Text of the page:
Last week we had discussed various food labels and what they mean in our article HERE.
We also talked about what it means for a product to be a genetically modified organism (GMO). This week, we will go more in depth as to the pros and cons of GMO products.
Despite FDA approval, there is still much debate over the effects of GMOs. A recent analysis by Italian researchers looked at 6,006 studies dealing with the effects of genetically modified corn on the environment as well as human health.
The study concluded, that while the science of GMOs is relatively new, there are no significant human health or environmental threats posed as a result of GMOs.
Environmental and Agricultural Effects
Critics argue that GMOs pose a threat to the environment and are unhealthy for human consumption.
This theory derives from the fact that genetic engineering was initially used to create pesticide-resistant crops. This allowed farmers to douse their land with pesticide to wipe out any weeds or insects without killing their crops. This method caused an increase in pesticide consumption causing runoff and water pollution. This method has also led to pesticide-resistant pests, in which pests become stronger and are able to resist pesticides.
However, in light of new methods, such as modifying organisms to produce toxins that target insects directly, GMOs have actually decreased pesticide use across the United States. In addition, in the past 20 years, GMOs have reduced the irrigation need of farmers by 50%.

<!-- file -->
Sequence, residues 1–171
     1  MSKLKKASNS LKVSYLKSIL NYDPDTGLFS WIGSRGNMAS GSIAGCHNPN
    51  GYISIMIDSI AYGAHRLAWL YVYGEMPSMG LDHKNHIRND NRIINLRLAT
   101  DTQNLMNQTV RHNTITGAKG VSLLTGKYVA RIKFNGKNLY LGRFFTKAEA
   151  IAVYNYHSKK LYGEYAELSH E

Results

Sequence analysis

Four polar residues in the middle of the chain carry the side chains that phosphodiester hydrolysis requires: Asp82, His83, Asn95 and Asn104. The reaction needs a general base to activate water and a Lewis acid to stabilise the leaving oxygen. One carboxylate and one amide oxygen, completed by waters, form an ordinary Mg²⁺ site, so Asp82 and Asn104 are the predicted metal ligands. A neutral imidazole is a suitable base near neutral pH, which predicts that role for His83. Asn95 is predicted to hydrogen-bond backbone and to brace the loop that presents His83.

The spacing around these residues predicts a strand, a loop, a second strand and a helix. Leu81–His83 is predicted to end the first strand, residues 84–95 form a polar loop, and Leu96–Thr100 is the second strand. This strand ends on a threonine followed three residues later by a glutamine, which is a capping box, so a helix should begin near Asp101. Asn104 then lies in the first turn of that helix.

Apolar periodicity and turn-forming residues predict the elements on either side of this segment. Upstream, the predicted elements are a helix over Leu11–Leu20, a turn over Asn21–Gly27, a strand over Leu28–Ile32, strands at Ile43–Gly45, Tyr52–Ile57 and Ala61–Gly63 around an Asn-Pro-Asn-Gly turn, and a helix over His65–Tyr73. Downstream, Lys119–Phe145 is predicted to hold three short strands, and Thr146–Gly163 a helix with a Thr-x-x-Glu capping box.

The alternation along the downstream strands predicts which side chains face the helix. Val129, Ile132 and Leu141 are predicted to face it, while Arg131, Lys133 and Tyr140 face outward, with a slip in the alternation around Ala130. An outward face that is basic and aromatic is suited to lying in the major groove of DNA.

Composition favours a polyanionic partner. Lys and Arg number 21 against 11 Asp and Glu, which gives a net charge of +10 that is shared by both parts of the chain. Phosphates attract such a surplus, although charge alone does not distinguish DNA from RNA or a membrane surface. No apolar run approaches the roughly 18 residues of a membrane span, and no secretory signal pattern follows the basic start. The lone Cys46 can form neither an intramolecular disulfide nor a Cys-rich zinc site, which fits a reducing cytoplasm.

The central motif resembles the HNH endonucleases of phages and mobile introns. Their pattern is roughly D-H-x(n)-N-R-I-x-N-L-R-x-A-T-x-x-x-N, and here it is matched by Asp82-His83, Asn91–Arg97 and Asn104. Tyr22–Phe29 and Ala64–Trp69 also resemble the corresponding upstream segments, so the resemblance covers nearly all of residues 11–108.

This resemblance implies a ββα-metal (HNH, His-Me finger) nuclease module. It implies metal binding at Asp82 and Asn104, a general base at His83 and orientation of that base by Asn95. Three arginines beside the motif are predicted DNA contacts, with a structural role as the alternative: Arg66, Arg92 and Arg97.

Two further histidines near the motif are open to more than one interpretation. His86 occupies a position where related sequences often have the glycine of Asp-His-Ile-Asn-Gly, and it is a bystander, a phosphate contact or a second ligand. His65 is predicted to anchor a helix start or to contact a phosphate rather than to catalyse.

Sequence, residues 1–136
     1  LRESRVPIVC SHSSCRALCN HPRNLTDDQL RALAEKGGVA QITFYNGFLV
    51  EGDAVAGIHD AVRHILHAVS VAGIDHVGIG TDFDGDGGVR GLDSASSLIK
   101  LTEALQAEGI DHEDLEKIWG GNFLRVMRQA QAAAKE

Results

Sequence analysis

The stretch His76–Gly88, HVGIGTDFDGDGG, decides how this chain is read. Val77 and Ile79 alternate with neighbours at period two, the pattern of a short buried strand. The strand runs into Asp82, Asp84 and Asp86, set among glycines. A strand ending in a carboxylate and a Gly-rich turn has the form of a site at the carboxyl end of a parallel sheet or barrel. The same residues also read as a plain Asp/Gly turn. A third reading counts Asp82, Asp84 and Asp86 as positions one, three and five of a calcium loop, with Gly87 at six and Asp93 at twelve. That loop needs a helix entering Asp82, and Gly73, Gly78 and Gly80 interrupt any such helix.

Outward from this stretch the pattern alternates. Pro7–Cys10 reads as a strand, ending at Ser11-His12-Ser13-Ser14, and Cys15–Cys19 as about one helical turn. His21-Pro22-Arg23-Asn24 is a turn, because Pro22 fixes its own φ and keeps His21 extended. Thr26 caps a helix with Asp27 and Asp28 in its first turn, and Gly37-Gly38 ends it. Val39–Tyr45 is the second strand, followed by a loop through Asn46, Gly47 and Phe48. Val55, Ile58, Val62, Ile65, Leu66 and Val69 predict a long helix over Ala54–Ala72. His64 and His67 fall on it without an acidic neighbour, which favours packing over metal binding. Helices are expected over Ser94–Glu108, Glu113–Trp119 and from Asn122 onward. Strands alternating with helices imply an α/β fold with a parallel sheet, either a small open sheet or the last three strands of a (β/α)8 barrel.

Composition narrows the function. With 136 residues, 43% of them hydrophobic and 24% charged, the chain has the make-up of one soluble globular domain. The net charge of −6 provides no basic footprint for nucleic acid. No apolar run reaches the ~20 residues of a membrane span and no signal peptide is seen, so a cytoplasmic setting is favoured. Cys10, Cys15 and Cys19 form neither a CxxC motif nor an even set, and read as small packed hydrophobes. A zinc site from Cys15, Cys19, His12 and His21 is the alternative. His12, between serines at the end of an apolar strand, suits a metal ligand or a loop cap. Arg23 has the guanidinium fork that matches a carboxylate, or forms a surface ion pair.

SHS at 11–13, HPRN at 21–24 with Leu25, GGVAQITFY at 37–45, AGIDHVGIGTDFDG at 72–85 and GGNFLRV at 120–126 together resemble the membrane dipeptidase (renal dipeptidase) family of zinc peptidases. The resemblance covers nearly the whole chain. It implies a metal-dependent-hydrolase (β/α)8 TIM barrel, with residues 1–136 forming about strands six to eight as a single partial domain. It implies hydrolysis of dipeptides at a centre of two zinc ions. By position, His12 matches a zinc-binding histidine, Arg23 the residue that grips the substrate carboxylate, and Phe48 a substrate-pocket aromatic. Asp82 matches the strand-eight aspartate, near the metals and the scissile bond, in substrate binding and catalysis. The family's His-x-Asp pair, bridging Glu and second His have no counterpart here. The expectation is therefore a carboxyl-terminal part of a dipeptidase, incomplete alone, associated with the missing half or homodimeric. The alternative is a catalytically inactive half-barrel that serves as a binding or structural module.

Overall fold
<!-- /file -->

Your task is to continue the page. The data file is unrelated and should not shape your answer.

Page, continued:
GMOs also promote no-till farming, meaning that by using herbicides to kill weeds, farmers do not have to plow their land before planting. This method allows more plant matter to buildup on the ground, decompose, and provide nutrients to the soil. No-till farming decreases soil depletion, a process in which soil loses its nutrient and can no longer sustain crops.
All of this basically means that GMOs enable farmers to produce healthier crops using fewer resources.
Are GMOs Safe to Eat?
As for the human health risks of GMOs, researchers found no difference in the modifications made in GMOs and in that of organisms selected through assisted breeding. Selective (or assisted) breeding is the process by which scientists manipulate the genes of an organism (say a plant or animal) by breeding them with ideal characteristics. This process has been used for thousands of years for selecting cows that provide better milk or wheat crops with better yield and has not had any adverse effects on human health.
In addition, studies show GMOs have not contributed to any negative human health effects. In fact, they may have had some positive effects. Mycotoxins found in plants are produced by fungi and can be toxic to plants and humans (unless washed thoroughly). GMO plants have better resistance to the insects that weaken a plant's immune system.
However, GMOs have only been around for forty years, whereas the human lifespan is approximately seventy-five years, meaning there could still be long-term effects we have yet to face.
Sources: phys.org, harvard.edu, agwired.com, grist.org, futurism.com, nature.com